So it's an old item. And he's a strange man. But then, he may have called this one right, not that is does any good now. We have what we have.

As for new items, Friday, August 25th, Bill Maher launched the new season of his political show "Real Time" on HBO - some of it flat and some of it pointed. The issues were the same ones Mailer covered years before, just with contemporary details. What Mailer didn't address was another component of "flag conservatism" - the whole idea that science has led us astray and faith tells us more than science ever will. His "new rule" (one of his satiric routines) started off with him talking about how awful it was that those uppity scientists decided Pluto wasn't a planet at all, after all - they "cut and run" on Pluto! - and then he veered into gay marriage and abortion and global warming and intelligent design and all sorts of areas where the government is telling us the science is wrong, and the evangelicals are right. You can watch it here, with the key line - "I say it's time for the United States to sever its ties with science all together and withdraw from the solar system!"

To be fair to Norman Mailer, most of the administration's war on science was waged after the interview in the conservative magazine, but it is another issue that has come up.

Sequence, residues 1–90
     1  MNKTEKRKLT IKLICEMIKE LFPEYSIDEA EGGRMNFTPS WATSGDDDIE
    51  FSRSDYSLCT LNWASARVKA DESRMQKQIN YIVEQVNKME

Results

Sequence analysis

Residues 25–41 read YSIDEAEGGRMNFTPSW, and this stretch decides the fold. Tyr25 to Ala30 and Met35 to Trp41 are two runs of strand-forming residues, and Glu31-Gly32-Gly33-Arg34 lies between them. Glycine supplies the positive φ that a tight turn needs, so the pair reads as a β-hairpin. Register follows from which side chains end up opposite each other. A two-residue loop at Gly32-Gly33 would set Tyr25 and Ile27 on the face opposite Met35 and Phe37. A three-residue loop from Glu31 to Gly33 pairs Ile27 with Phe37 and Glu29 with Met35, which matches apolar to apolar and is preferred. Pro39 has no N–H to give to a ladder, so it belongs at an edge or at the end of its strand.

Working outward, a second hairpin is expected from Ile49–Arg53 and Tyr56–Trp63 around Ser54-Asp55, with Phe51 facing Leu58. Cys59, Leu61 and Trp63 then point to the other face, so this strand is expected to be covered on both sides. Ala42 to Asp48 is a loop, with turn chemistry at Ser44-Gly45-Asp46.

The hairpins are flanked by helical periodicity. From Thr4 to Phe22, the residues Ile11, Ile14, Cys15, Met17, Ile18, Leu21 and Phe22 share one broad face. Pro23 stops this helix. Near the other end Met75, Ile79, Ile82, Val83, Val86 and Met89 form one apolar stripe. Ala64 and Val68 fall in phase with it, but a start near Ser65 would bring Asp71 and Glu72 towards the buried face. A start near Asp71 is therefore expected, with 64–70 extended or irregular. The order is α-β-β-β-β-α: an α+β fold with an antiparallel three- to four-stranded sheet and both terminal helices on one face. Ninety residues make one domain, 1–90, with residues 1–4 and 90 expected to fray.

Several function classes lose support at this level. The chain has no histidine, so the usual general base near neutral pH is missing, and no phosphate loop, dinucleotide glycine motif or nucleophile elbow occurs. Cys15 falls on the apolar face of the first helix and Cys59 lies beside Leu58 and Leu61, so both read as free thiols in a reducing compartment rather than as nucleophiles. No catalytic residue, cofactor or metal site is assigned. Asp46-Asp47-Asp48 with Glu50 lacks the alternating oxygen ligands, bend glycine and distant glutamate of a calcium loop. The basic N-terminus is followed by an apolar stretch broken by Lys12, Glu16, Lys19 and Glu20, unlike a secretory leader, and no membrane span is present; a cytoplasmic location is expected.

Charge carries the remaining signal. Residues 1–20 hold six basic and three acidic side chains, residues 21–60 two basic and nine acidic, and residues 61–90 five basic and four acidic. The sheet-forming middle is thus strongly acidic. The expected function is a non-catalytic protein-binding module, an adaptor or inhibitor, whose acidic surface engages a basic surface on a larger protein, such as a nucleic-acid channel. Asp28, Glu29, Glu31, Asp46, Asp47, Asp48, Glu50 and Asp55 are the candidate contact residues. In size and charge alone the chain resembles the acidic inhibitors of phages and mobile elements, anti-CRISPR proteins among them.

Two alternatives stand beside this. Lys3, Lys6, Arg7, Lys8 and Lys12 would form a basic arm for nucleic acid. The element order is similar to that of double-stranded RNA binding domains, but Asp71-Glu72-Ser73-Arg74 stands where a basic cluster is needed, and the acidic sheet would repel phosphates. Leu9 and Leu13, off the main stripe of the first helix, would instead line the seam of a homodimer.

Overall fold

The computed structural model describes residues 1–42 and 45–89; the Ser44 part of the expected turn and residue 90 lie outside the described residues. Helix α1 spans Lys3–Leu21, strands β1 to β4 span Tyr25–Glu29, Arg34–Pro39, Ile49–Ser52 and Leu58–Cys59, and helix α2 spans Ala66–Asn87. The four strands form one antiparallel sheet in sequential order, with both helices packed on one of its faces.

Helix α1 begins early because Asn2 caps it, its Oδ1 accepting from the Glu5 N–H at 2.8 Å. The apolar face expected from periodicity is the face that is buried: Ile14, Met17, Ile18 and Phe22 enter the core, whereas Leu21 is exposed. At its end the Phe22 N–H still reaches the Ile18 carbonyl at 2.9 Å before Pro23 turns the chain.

See this -
Recently there was some controversy when the Bush Administration accidentally left off evolution from a list of subjects eligible for government grants - whoops! But Mark Noonan at Blogs for Bush has an even better suggestion: That we just leave off science altogether. The debate between Evolution and Intelligent Design, he says, "got me thinking, and today ii [sic] occured [sic] to me: science is dead. We have reached the end of the Age of Science." I must say I haven't been so happy since we reached the End of History. What is especially great about Noonan's theory that science is dead is that he doesn't have to conduct any experiments or present any evidence to prove science is dead because science would actually have to be alive to do that.
Okay. Fine. So one has to read Mark Noonan here.

That's what the man says. No one believes science any more. There were just too many hoaxes, from the Piltdown Man to Darwin. How can you trust these people? And now we find Pluto was never a planet.

Noonan maintains, curiously, that taking religion out of the schools may have been what caused the downfall of science -
Why did science stray from the path of truth? I think it is because we ceased educating the men of science with a knowledge of religion.
We should have taught them about religion. You see, all they wanted was facts about how things worked and to do practical things, and this "search for something immediately practical" led to Marxism and the Holocaust and all.

His conclusion -
The truth will out - and that means that the quest for the truth will continue, and that will mean that efforts in science will continue to yield results... but the Age of Science is over, killed off by lies. I don't regret its passing - hopefully we will soon start to really educate people, so that even as they pursue science, they keep it in perspective, and in relation to the real human condition.
He doesn't define "the real human condition" of course. But he's sure science has little to do with it.

You can't make this stuff up. Mailer may have been onto something, but he gave the interview far too early. Bill Maher will have to do.

Posted by Alan at 19:01 PDT | Post Comment | Permalink
Updated: Monday, 28 August 2006 07:15 PDT home